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Shaun Christie-David
Photograph: Kitti Gould

Time Out's Food and Drink Future Shaper: Shaun Christie-David

The Time Out team talk to the exceptional individuals moulding the future of Sydney

Cassidy Knowlton
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Cassidy Knowlton
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Time Out is profiling the incredible people who are shaping the future of Sydney in this Future Shaper series. These remarkable individuals and organisations were nominated by a panel of expert judges including editor of Time Out Sydney Maxim Boon, celebrity chef and restaurateur Kylie Kwong, head of talks and ideas at the Sydney Opera House Edwina Throsby, NSW 24-hour economy commissioner Michael Rodrigues, CEO of IndigiLab Luke Briscoe, and NIDA resident director David Berthold. Read more about the project here.

Most people come home from a boozy wedding with sore feet and a need for aspirin. Shaun Christie-David came home from one with a business plan to create a restaurant that would turn out to be the most talked-about restaurant in Australia. 

"My best mate was getting married and we had the afterparty at my parents’ house. We got pretty drunk and I started calling my mother, I think it was about 1 in the morning, and I said, 'What are you doing?' She said, 'Sleeping'. 'Oh, cool, can you cook?' 'I can...' 'Oh great, well there are about 20 people coming over, and they're pretty hungry.'"

One of Christie-David's friends, Peter Jones-Best, had a hospitality background, and as they looked at the post-wedding crowd devouring Sri Lankan home cooking, the pair came to the realisation that they should start a restaurant serving this kind of food.

"It’s owning that first-generation migrant kind of story, and going through a bit of a difficult transition growing up in Australia with parents who had an accent and being embarrassed of your culture to being really proud of it and wanting to showcase it," says Christie-David. "I used to throw my dhal sandwiches away, and now I serve that to a thousand people a week." 

The journey from his mother's kitchen table to opening his own restaurant took ten years, but Colombo Social opened its doors in November 2019 with premium Sri Lankan food and an even more important social conscience. Colombo Social employs a front-of-house team entirely made up of asylum seekers as a way to give people from marginalised communities employment opportunities.  

That decision, to give a chance to those who are often denied one, garnered the restaurant a lot of positive press and quickly built goodwill in the inner west. But it also meant that when the first lockdowns hit Sydney in March 2020, there was no government support available for the restaurant's staff.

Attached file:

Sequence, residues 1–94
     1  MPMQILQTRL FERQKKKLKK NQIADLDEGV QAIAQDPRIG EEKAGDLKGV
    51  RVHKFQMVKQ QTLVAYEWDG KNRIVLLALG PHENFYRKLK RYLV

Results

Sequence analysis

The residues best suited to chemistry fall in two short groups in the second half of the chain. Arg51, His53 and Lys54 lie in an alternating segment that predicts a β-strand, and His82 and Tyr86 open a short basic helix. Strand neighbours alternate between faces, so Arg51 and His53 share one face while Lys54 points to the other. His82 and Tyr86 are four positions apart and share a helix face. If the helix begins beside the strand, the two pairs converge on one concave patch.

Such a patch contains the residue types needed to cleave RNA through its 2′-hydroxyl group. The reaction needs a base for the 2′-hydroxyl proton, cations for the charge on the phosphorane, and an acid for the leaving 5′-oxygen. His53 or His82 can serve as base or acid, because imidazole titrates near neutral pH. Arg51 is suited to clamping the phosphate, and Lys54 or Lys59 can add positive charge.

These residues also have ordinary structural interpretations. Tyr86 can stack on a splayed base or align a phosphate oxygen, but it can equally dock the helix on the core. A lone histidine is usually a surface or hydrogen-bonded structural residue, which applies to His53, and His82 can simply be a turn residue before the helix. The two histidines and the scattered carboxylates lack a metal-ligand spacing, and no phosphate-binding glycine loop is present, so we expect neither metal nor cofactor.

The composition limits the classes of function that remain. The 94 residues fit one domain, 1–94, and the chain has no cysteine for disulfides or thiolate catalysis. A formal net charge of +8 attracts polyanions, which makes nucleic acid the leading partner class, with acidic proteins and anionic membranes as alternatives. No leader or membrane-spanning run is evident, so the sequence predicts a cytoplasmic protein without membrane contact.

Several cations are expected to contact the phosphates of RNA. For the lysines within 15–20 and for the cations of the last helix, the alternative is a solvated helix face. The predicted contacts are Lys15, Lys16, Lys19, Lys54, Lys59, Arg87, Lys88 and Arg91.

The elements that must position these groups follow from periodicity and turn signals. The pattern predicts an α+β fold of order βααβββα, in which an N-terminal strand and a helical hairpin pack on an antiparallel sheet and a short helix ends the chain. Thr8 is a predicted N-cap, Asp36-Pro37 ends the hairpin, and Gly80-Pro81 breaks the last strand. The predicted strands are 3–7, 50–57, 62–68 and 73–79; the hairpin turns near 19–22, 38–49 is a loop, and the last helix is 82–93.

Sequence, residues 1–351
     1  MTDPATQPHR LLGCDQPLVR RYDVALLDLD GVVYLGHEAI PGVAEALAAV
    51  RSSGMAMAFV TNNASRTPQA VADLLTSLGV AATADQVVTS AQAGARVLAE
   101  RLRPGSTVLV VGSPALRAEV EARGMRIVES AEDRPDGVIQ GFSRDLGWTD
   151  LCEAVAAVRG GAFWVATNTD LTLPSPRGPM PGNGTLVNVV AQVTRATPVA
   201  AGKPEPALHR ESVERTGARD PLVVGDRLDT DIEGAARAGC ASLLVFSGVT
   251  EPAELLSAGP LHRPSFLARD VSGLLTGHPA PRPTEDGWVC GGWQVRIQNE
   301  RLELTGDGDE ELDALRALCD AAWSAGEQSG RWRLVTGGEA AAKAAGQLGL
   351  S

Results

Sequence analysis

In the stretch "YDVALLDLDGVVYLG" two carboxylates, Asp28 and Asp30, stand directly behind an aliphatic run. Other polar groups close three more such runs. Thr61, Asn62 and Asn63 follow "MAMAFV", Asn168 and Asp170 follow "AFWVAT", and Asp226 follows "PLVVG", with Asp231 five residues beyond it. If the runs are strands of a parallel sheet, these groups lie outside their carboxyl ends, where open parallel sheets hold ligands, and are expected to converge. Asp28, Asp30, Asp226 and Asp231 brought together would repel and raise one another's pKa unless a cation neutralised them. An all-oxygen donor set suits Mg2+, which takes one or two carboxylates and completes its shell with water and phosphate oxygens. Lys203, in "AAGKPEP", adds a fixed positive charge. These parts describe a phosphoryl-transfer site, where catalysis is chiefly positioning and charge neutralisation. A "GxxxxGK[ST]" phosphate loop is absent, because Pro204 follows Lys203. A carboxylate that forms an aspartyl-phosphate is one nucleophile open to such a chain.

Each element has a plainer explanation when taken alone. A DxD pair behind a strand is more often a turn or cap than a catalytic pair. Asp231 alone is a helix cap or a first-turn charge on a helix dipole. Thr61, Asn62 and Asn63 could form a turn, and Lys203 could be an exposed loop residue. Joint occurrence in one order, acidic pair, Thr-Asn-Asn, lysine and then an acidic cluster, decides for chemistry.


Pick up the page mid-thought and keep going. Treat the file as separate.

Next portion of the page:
"I remember that first day, it was a Sunday when we closed. Our staff are asylum seekers, they are not entitled to benefits, they had uncertainty, not knowing what would happen to them. I walked into the venue, looked at them all as they all looked at me as a leader and someone to guide them, and I broke down and cried. I said, 'I don’t know what’s going to happen, but you’re safe with us'. We paid their rent, we paid for everything during that period."

The restaurant was shut the next day, but by Tuesday everyone was back at work, with a new customer base: people experiencing homelessness or disadvantage. 

"When we closed we’d been working with Mission Australia in early-stage conversations around the replication of the Colombo Social model in other areas. I had long-term relationships with a lot of the charities and the Aboriginal organisations in Redfern, and when the restaurants shut I got an emergency phone call from Mission Australia saying that our vulnerable communities are people who are homeless, on the streets or in insecure housing, they can’t stop being homeless in this period. When we tracked coronavirus globally the people who are really suffering were people from marginalised communities, people of colour. We made a conscious decision to do what we do, and that's food, so we started donating whatever stock we had left. We gave our staff Monday off, on Tuesday I said, 'I'm going to employ you guys somehow, let’s come in and donate all this food'."